Morning Dove White

One Dove

FFRR, 1993

REVIEW BY: Vish Iyer


One Dove’s only record – their 1993 debut Morning Dove White – is an odd one. The mostly long numbers tend to get tedious, and they do so with teasing nonchalance. This almost dizzying lackadaisicalness cannot be defined in such commonplace terms as “ambient pop” or “trance” but requires a new definition. Although the music doesn’t aim to be poignant or moody, the lack of tension or direness presents it with a sense of freedom to get all giddy – which, however, doesn’t translate into any sort of jauntiness or unfettering showiness: it is still anchored in modesty: For its seven minutes, “(The Transient) Truth” creates a swoon that spirals in a repetitive hypnotic drum and bass arrangement. This melodiousness could be decorated in so many imaginative ways, not in the least by the intermittent whispering of singer Dot Allison, her vocals flowing like a breeze of comfort in a vacuum of emptiness, as if providing just a glimmer of hope but not delivering on it completely.my_heart_sings_the_harmony_web_ad_alt_250

The album prides itself on songs like “There Goes The Cure,” which are unusually minimal. Contrary to what one would call minimalism, though, the music is in fact pretty lush. But the band decides not to fully realize an idea, instead leaving it suspended in mid-air to sway whichever way gently. While “(The Transient) Truth” delves in the cradle of a looping dub beat for seven minutes straight, “There Goes The Cure” in its eight minutes seems to be building up to a beat that only arrives more than halfway through, and is disappointingly way more passive than it ought to be if one expects electronic magic. Slow down time and be present in the moment, and the song is a seductress.

There are a million ways in which Morning Dove White could have been a more sensually gratifying record. But all that has been left out of it leaves voids, which makes what actually exists that much more precious. It is as if the band freeze-framed the music after it reached a point and decided to leave it imperfect on a whim. There is a bizarre beauty in this imperfection. But only the band knows when to kill the development of a particular song so that it doesn’t end up haphazardly. There is method to the carelessness of the record. There is a sense of perfection in the sparsely lush layers of each number and in Allison’s heavily reverbed vocals, which sound soothingly heavenly in the haze of the laidback music.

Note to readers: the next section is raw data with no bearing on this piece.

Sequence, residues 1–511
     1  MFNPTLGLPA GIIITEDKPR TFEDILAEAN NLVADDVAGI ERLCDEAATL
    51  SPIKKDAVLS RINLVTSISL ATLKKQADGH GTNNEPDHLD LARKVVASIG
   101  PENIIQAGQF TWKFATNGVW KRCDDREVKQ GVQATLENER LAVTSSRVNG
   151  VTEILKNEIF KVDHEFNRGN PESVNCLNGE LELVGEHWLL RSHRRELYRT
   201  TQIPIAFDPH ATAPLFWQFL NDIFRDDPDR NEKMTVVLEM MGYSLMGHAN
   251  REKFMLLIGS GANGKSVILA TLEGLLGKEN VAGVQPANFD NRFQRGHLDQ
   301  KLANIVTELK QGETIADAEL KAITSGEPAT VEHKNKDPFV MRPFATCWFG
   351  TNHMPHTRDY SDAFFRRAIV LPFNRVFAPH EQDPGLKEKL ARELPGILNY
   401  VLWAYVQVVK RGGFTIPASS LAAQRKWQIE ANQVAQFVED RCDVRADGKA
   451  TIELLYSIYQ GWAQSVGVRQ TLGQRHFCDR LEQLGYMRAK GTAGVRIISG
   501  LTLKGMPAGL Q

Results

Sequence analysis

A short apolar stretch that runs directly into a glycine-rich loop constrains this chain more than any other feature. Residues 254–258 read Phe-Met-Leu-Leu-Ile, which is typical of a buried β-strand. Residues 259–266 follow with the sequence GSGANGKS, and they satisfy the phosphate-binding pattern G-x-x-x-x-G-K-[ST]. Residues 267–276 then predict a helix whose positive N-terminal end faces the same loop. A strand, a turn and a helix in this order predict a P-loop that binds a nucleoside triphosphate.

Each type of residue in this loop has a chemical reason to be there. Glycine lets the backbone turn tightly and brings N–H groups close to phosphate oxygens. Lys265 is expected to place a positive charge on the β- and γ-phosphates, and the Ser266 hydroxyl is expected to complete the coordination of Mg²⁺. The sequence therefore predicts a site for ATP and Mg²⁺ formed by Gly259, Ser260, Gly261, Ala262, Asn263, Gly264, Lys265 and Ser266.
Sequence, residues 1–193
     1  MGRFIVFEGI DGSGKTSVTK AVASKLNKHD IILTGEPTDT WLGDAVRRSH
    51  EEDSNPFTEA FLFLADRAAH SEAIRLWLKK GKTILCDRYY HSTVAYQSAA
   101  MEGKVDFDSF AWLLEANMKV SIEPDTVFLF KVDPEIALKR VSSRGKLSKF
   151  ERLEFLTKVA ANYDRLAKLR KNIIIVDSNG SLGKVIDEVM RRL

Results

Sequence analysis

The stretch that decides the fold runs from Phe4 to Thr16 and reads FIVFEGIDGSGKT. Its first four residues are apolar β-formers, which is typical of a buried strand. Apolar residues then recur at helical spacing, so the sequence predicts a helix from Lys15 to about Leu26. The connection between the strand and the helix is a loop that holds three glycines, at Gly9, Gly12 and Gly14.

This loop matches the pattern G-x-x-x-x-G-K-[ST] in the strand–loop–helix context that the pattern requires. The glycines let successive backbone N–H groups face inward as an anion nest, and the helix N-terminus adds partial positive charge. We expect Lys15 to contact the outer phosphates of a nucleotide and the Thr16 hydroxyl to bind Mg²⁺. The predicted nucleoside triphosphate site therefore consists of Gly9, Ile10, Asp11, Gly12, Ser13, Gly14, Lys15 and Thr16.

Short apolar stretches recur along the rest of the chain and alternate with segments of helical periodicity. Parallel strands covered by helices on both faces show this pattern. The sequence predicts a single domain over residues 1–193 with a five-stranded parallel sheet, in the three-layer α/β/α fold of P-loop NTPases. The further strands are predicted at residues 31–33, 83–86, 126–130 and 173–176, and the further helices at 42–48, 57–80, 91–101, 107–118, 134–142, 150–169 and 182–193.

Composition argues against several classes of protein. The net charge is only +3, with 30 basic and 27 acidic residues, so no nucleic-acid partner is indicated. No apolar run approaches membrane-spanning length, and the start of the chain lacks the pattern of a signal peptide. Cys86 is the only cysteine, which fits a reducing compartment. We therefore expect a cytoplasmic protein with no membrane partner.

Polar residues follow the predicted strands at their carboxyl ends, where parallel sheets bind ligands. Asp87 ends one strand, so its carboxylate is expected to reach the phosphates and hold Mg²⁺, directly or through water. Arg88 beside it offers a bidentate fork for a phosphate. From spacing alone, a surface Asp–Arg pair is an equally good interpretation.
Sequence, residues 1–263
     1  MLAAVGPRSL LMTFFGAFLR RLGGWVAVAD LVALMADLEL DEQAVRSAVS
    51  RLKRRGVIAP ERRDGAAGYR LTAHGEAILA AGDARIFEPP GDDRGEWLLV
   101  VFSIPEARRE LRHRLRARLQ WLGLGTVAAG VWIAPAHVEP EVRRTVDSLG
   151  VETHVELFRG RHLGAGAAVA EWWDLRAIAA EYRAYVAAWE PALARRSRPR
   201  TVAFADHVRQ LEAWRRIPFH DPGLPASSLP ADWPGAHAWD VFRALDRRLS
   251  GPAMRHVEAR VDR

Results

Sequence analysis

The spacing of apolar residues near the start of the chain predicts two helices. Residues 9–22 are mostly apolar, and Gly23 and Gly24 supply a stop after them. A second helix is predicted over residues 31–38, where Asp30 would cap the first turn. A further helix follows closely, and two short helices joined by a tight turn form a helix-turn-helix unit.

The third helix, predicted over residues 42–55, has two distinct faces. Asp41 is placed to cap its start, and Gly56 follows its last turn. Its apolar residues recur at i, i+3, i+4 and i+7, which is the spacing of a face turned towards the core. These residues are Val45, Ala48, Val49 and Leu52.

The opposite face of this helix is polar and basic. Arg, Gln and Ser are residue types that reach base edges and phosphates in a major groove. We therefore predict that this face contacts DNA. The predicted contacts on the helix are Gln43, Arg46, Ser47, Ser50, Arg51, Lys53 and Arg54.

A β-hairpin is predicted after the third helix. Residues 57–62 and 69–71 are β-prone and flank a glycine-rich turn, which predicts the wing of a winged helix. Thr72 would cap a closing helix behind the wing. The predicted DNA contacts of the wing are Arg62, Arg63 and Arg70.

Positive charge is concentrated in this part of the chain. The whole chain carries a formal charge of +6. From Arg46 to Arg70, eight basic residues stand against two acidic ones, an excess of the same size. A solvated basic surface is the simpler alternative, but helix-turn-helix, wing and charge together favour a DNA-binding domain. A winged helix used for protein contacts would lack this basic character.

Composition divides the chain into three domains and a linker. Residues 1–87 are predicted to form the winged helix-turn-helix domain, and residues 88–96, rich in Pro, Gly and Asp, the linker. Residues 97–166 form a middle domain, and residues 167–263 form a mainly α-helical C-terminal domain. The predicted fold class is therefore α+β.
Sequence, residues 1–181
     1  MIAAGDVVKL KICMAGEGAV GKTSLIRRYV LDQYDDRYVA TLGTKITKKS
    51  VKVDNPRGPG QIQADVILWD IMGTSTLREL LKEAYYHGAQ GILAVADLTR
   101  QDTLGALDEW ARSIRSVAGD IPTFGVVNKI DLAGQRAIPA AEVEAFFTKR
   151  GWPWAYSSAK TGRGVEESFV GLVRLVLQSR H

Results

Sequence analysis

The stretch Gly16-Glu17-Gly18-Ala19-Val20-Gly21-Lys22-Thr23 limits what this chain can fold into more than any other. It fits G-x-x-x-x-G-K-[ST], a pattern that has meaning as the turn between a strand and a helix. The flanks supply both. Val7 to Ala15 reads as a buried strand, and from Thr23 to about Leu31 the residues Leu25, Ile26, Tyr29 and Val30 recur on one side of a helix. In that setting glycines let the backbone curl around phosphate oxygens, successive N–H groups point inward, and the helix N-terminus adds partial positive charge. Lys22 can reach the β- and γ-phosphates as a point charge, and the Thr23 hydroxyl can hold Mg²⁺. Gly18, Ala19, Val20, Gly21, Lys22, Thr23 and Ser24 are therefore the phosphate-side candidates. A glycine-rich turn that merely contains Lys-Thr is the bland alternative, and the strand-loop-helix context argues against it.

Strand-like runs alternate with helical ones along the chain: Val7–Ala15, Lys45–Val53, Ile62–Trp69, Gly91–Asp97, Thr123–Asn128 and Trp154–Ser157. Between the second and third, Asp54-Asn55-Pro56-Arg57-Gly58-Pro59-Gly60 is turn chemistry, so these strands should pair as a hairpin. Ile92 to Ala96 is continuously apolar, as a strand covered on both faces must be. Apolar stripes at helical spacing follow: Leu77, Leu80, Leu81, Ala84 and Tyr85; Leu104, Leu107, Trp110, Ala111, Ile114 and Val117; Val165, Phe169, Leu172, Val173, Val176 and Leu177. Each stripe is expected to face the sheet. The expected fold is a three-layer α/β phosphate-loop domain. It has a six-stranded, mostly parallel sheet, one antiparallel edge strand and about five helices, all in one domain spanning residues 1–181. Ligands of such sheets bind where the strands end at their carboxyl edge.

In comparison to the moony cuts of the album, the more conventional ones – “Fallen,” “White Love,” “Breakdown” – are a delicious brew of mainstream electronica and dub with their danceable beats. Definitely more titillating in the short run, these are, however, not as entrancing as the eccentric ones in the grander scheme, but are amply gratifying nonetheless.

When Morning Dove White came out in 1993, it didn’t sound like anything else at that time, and it still doesn’t. A dance record so unassuming yet so profound requires a new genre of its own. But until then, Morning Dove White will be forever a dance record, albeit a one-of-a-kind dance record.

Rating: B+

User Rating: Not Yet Rated



© 2009 Vish Iyer and The Daily Vault. All rights reserved. Review or any portion may not be reproduced without written permission. Cover art is the intellectual property of FFRR, and is used for informational purposes only.